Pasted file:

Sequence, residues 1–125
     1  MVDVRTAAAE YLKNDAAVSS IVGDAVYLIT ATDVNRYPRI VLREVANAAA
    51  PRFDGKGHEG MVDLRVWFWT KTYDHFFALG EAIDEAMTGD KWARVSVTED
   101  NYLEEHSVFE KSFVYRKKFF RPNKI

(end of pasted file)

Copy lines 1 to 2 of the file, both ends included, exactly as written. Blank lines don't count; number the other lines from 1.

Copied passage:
Sequence, residues 1–125
     1  MVDVRTAAAE YLKNDAAVSS IVGDAVYLIT ATDVNRYPRI VLREVANAAA